By Raising Children Network, with the Centre for Adolescent Health
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Young people have lots of demands on their time, so they can find it hard to be active. But physical activity keeps teenage bodies and minds fit and healthy – and  during adolescence, your child needs at least 60 minutes of activity every day.

Two girls throw a netball and one boy wears cricket gear

did you knowQuestion mark symbol

  • Physical activity levels go down as children move from mid-childhood into adolescence. 
  • Most research shows that more boys than girls are getting the physical activity they need to keep their minds and bodies healthy. 
 

Why physical activity is important

Being active is an important part of your child’s daily routine. It’s a great way to spend time with friends, meet new people, feel good and break up long stretches of sitting and studying.

Being active every day can help:

  • improve heart health and fitness
  • develop strong muscles, bones and good posture
  • maintain a healthy weight
  • improve concentration and memory
  • learn new skills
  • increase self-confidence
  • reduce stress
  • make and keep friendships
  • improve sleep.

Not getting enough physical activity can put your child at risk of overweight and obesity, high blood pressure, anxiety, depression and type-2 diabetes.

Best kinds of physical activity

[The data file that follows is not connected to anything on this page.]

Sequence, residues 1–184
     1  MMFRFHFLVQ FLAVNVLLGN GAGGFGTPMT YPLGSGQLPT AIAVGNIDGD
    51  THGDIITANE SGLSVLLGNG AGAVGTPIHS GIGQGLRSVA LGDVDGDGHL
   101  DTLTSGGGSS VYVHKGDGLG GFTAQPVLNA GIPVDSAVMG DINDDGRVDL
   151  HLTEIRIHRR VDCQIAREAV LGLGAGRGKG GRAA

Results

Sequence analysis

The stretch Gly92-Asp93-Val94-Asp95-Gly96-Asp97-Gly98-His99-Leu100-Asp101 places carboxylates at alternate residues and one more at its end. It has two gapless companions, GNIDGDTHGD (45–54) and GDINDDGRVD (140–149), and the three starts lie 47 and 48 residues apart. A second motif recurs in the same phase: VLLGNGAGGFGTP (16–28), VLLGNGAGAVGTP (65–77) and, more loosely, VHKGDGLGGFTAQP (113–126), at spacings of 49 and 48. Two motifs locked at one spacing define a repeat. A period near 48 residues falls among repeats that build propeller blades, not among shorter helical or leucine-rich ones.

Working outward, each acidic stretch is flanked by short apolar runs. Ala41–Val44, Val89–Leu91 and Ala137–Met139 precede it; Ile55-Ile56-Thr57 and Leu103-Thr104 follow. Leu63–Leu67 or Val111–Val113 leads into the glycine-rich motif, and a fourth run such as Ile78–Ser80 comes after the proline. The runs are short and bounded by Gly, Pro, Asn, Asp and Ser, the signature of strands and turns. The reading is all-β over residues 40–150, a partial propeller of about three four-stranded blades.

The best physical activity is done at a moderate or vigorous level.

Moderate activities make your child gently ‘huff and puff’. These could include brisk walking, dancing, bike-riding, swimming laps of a pool, jogging, and helping with inside and outside chores.

Vigorous activities increase your child’s heart rate and make him ‘huff and puff’ even more. These activities could be any game with lots of running – formal ones such as basketball, or less formal such as chasey. They could also be running or jogging, or sports such as soccer, hockey, swimming and football.

Your child can get ‘huffing and puffing’ in lots of different ways – anything from organised sport to active transport and unplanned activities will do!

Getting enough physical activity

Australian guidelines recommend children aged 5-18 years have at least 60 minutes of moderate to vigorous physical activity every day. For many young people, this physical activity doesn’t just happen – it needs to be planned.

When you and your child think about how to get enough physical activity into her daily schedule, the following points might help:

  • Where can your child be active? How much space do you have at home, in the backyard, at the local park, walking track or local pool?
  • What local options are low cost or free to use?
  • Who are your child’s ‘active’ friends? Who can you visit to help your child be active?
  • Who else can help your child be active if you haven’t got time?
  • Are there any young people’s groups that could be useful?
  • What activities can your family plan to do to be active together?

Your child doesn’t have to get his daily 60 minutes of physical activity in one hit. He can build it up over the day through a range of different activities. This makes it easier to get enough and to do even more than 60 minutes.

School sport isn’t always enough
You might think your child will get all the physical activity she needs in physical education (PE) classes or from running around at lunchtime. Unfortunately, this might not be the case.